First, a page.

Co-reinsurance in the insurance sector is expected to be introduced in April this year. Risks related to interest rate fluctuations are expected to be shared with reinsurance companies and insurance companies’ reverse margin and recapitalization burdens are expected to be alleviated.
The Financial Services Commission held a meeting on Jan. 30 and discussed the issue as the first step for insurer restructuring. According to its plan, insurance companies will pay savings insurance premiums and additional insurance premiums to reinsurance companies such as Korean Reinsurance Co. and transfer interest rate risks as well as insurance risks to them at the same time.
Accounting procedures will be further clarified, too. Specifically, an insurance company will regard the difference as prepaid expenses or assets and write it off during a contract period and a reinsurance company will regard the difference as an unearned income or liabilities and write it off during the contract period.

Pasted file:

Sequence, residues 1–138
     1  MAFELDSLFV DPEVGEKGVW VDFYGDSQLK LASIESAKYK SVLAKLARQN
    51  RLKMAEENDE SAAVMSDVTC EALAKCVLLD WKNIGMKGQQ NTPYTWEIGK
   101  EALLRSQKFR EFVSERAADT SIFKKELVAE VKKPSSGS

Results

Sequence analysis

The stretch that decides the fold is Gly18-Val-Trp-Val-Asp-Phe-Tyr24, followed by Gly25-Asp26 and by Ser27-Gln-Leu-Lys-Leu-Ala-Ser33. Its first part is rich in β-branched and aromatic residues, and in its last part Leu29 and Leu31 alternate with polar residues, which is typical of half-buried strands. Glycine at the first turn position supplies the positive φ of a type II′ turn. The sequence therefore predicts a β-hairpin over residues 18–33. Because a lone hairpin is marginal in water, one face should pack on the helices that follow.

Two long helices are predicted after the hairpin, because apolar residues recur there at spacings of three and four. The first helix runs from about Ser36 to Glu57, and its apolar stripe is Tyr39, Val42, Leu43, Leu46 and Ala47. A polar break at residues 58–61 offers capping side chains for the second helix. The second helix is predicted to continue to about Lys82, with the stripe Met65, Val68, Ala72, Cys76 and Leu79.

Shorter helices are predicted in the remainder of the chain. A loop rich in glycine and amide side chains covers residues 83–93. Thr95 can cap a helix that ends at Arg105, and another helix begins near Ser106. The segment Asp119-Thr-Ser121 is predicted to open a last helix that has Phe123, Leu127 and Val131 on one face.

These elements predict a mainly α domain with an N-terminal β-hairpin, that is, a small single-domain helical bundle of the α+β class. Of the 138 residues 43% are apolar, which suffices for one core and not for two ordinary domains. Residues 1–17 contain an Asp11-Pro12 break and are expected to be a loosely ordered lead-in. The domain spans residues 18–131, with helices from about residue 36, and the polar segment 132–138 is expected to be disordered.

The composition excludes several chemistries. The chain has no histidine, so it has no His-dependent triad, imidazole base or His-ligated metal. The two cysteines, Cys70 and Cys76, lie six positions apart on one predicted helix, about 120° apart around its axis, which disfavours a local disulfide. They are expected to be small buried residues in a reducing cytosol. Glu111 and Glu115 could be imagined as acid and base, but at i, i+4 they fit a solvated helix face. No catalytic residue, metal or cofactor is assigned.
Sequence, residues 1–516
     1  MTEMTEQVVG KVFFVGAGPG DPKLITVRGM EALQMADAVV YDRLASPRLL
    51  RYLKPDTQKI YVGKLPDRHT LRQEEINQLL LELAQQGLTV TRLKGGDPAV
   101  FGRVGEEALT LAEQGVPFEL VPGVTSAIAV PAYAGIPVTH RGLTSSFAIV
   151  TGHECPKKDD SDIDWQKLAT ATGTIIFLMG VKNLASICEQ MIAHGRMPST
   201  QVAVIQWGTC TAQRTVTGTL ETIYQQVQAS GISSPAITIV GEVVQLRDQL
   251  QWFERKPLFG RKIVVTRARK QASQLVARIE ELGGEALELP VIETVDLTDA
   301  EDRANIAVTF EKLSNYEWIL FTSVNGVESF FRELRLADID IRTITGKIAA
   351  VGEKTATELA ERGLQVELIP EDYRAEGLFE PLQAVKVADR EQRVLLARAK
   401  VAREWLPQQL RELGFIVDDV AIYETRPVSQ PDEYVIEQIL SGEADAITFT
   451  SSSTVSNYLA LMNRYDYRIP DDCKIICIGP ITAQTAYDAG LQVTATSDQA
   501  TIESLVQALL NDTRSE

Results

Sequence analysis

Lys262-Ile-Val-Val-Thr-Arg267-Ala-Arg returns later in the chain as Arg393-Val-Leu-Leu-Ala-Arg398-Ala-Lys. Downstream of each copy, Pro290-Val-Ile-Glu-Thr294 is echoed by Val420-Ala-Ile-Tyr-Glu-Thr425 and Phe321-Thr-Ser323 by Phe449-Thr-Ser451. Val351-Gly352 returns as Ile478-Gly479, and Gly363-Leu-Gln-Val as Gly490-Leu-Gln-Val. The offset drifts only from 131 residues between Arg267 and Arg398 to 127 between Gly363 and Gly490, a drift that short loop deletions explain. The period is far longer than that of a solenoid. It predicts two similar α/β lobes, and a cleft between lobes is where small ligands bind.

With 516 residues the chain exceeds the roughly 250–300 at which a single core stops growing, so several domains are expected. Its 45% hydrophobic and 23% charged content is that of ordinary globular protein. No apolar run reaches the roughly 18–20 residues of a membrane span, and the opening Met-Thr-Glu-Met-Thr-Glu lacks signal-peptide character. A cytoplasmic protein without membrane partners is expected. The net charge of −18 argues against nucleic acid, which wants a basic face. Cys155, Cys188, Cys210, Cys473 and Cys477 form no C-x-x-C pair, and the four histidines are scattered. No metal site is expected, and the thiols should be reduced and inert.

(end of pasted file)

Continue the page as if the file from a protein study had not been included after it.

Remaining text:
South Korean insurers sought recapitalization methods, such as subordinated debt issuance and investment in long-term treasury bonds, with IFRS 17 and the Korean Insurance Capital Standard (K-ICS) scheduled to be implemented in 2022. They have reached a conclusion that those methods have their own limitations and demanded a measure to reduce an increase in liabilities with regard to high-interest insurance contracts.
According to the commission, co-reinsurance is expected to contribute to the financial soundness of insurers and foreign reinsurance companies’ know-how is expected to be shared in that it has already been utilized in the United States and Europe. “Reinsurance companies need to be capable of bear every risk, including interest rate risks as well as insurance risks,” the commission explained, adding, “As such, foreign rather than domestic reinsurers are likely to be utilized first.”